The USD is in the driving seat, making broadly based gains, while the NZD continues to underperform.
The USD is up on all the crosses bar the CAD, with a steady climb from last night without any notable key driving factors. It might reflect a number of factors, including more confidence that the USD is at a turning point after its steady decline for much of the year taking it well into “oversold” territory, increased confidence of tax reform and the EUR being out of favour after the surprising Germany Federal election results. Economic data haven’t been a factor, with a slight easing in US consumer confidence from recent highs and a cooling in new home sales, as the impact of the Hurricanes begins to impact the data.
The USD TWI majors index is 0.2% for the day and now up 2% from its early-September lows. The USD was well on the ascendency before Yellen’s speech this morning, which has added some volatility into the mix. The initial headlines flashing across the screen looked on the hawkish side: “”Imprudent to keep monetary policy on hold until inflation at 2 percent” and “Persistently easy policy can hurt financial stability”, but the overall speech was fairly well balanced. The Fed remains on a gradual tightening path but it will be carefully monitoring incoming data. Just ahead of Yellen, Atlanta Fed president Bostic made his first public comments since taking office, and they were a little on the hawkish side. He says he is comfortable with a December rate hike and he sounded upbeat on inflation, saying he was hearing anecdotes of more pressure on wages and prices, “…more clearly and consistently than when I started in June.”
The NZD has traded lower since early afternoon yesterday. There was some headline shock from the ANZ’s business outlook survey showing that confidence had slumped to 0.0 just ahead of the election, but we saw that as understandable, and on a seasonally adjusted basis the figure wasn’t nearly as bad. Indeed, it was surprising that confidence had held up so strongly in the prior survey. Certainly, it feels like the inconclusive election result has provided traders an excuse to sell the NZD, and it is lower on all the crosses. But the underperformance of the NZD should also been seen in the context of widespread declines in emerging market currencies. Overlaying the NZD against an EM currency index highlights the high correlation over the past week. A stronger USD is typically seen as bad for emerging markets as it represents a tightening in global financial conditions. Notably, NZ equities don’t see any bad news from the election result, with the two-day cumulative gain post-election up close to 1%, against a backdrop of flat global equity markets.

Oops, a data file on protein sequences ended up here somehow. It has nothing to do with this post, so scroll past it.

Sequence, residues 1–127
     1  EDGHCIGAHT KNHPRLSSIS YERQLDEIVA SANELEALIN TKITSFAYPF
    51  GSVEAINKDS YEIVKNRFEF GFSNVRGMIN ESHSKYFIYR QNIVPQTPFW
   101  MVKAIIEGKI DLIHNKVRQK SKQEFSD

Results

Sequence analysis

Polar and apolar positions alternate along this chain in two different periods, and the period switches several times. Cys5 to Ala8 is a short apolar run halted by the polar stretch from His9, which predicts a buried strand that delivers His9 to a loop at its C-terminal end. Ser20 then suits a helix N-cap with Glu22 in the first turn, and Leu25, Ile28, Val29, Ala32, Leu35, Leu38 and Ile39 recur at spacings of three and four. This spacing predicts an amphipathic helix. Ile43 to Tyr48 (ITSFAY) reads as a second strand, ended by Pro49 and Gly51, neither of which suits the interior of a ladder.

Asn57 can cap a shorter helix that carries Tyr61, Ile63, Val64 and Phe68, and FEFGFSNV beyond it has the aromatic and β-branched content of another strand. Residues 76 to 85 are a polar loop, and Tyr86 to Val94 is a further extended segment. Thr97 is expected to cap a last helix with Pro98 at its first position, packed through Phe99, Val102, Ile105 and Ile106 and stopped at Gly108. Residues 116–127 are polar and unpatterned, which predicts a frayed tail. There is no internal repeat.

The NZD has managed to climb back up to 0.7210 after falling as low as 0.7168 as Yellen’s speech headlines came out. NZD/AUD has tracked around 0.9115-0.9135 since the NZ close, with all the fall in the cross coming through yesterday afternoon.
EUR has been under downward pressure through most of the night, falling down to 1.1760, before recovering to 1.18. Political risk has re-emerged in the euro area, with the increase in the far-right movement seen as a wake-up call to those who thought the threat of populism in the EU had subsided. Political uncertainty overhangs Spain and Italy as well. Spain’s top court ruled that Catalan’s plans for an independence referendum this weekend is illegal.
There’s not much to say about the other major currencies, with JPY and GBP softness a reflection of the stronger USD path. USD/JPY is up testing two-month highs around 112.20 while GBP hasn’t done too badly, only down slightly to 1.3450.
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